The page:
Here is a a very influential HBR article from Arie deGeus from back in 1988 (it has been cited over 1,200 times). The key message is this:
Benefits accruing from planning are not just the objectives and strategies that emerge, but the learning that occurs during the planning process
Planning as learning is very important in R&D management as well. It is not just the planning at senior management level – it is the institutional learning from distributed planning.
… they depend on company’s senior manager to absorb what is going on in the business environment and to act on the information with appropriate business moves. In other words, they depend on learning. Or, more precisely, on institutional learning, which is the process by management teams change their shared mental models of their company, their markets, and their competitors. For this reason, we think of planning a learning and of corporate planning a institutional learning.
deGeus is talking about corporate strategy which can be planned by a select few. R&D, however, requires knowledge a lot of people to come together. Most managers I know depend on their various technologists to bring forward plans. More importantly, to get a product to market requires knowledge of many different technologists and planning is extremely critical to get all the pieces moving in synchrony.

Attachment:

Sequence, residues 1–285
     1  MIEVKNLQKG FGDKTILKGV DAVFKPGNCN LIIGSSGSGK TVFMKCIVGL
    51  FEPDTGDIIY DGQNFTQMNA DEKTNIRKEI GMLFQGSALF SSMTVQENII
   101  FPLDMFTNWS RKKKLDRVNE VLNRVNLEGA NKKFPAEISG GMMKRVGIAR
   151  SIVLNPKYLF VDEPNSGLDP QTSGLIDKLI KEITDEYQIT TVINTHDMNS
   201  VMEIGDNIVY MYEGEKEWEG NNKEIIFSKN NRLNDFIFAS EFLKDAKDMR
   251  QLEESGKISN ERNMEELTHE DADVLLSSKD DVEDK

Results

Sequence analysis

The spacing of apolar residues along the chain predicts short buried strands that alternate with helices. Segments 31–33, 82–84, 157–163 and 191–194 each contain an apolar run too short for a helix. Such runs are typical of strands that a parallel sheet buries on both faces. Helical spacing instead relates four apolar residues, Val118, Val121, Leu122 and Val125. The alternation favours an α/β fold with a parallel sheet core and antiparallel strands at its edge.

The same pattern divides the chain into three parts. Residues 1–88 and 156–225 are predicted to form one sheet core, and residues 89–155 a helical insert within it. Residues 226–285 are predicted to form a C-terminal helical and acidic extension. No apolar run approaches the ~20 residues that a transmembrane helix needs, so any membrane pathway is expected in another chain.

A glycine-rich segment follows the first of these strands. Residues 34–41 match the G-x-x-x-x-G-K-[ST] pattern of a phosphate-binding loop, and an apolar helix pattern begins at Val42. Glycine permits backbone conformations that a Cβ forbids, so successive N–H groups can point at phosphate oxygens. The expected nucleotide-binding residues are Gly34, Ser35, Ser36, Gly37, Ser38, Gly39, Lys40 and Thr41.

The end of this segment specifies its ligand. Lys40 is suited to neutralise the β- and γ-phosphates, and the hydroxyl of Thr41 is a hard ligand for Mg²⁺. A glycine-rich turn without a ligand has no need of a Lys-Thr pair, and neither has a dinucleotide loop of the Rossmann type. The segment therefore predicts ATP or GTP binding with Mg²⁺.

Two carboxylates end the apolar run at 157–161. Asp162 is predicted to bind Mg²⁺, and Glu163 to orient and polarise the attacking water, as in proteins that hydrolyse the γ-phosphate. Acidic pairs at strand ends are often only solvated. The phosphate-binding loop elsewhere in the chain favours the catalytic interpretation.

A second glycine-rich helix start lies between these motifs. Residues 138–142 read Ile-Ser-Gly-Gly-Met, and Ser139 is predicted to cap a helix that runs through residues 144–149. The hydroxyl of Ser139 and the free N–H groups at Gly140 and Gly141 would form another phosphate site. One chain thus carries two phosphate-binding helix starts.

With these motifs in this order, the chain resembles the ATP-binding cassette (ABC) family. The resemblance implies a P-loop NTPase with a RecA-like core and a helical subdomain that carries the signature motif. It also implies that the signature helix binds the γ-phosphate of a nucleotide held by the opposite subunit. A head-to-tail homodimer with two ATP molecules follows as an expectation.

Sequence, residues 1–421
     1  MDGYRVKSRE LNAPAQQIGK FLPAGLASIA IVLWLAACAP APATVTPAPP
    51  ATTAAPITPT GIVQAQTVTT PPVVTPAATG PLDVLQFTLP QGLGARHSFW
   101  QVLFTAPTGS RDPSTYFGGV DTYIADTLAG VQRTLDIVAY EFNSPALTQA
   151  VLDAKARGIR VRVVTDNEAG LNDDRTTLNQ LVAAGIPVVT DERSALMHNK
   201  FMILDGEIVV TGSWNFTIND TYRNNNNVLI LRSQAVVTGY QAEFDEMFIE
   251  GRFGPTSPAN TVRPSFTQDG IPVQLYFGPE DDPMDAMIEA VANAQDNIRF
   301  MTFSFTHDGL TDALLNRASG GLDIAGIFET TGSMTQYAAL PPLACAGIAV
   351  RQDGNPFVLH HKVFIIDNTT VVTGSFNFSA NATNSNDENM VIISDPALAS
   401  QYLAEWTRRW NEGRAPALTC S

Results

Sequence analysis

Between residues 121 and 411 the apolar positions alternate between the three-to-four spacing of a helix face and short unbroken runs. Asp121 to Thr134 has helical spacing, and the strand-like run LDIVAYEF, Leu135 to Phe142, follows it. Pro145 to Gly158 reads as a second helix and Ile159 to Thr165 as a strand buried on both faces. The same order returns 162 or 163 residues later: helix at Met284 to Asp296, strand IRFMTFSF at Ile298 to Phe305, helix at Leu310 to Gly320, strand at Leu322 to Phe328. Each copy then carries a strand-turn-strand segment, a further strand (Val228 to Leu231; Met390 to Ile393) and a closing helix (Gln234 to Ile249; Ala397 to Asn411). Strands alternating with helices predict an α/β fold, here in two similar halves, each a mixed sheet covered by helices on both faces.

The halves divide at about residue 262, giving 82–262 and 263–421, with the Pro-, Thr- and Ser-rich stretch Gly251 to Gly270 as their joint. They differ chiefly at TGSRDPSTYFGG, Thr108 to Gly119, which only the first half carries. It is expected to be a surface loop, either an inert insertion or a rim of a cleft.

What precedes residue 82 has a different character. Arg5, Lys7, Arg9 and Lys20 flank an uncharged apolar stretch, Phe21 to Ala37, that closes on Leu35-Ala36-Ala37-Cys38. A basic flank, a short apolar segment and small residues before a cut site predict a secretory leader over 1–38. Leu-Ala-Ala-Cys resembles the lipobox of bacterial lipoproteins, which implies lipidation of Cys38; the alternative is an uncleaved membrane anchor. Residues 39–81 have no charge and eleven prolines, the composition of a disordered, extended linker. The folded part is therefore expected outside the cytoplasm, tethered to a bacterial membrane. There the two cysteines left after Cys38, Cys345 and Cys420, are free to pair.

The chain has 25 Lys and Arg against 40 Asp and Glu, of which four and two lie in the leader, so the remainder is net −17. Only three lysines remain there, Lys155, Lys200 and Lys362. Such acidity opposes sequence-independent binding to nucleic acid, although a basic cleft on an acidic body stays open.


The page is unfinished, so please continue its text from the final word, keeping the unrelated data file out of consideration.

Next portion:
Even so, planning is not as formalized in R&D as in corporate strategy / finance. One reason for this might be that R&D planning is much more complicated and full of jargon. There are few who can understand jargons of two or at best three disciplines (e.g., structures, life and CFD). Plans for each discipline are filled with discipline specific jargon, and it is often difficult to combine them. Unfortunately, it takes many more disciplines to get a product to market. That does not mean we should not try though. The software I am developing is proposing a new framework to do just that…
While I am on the subject, here is another HBR article that talks about planning as learning…
Aire deGeus, Planning as Learning, Harvard Business Review Vol 66 (2), pages 70-74.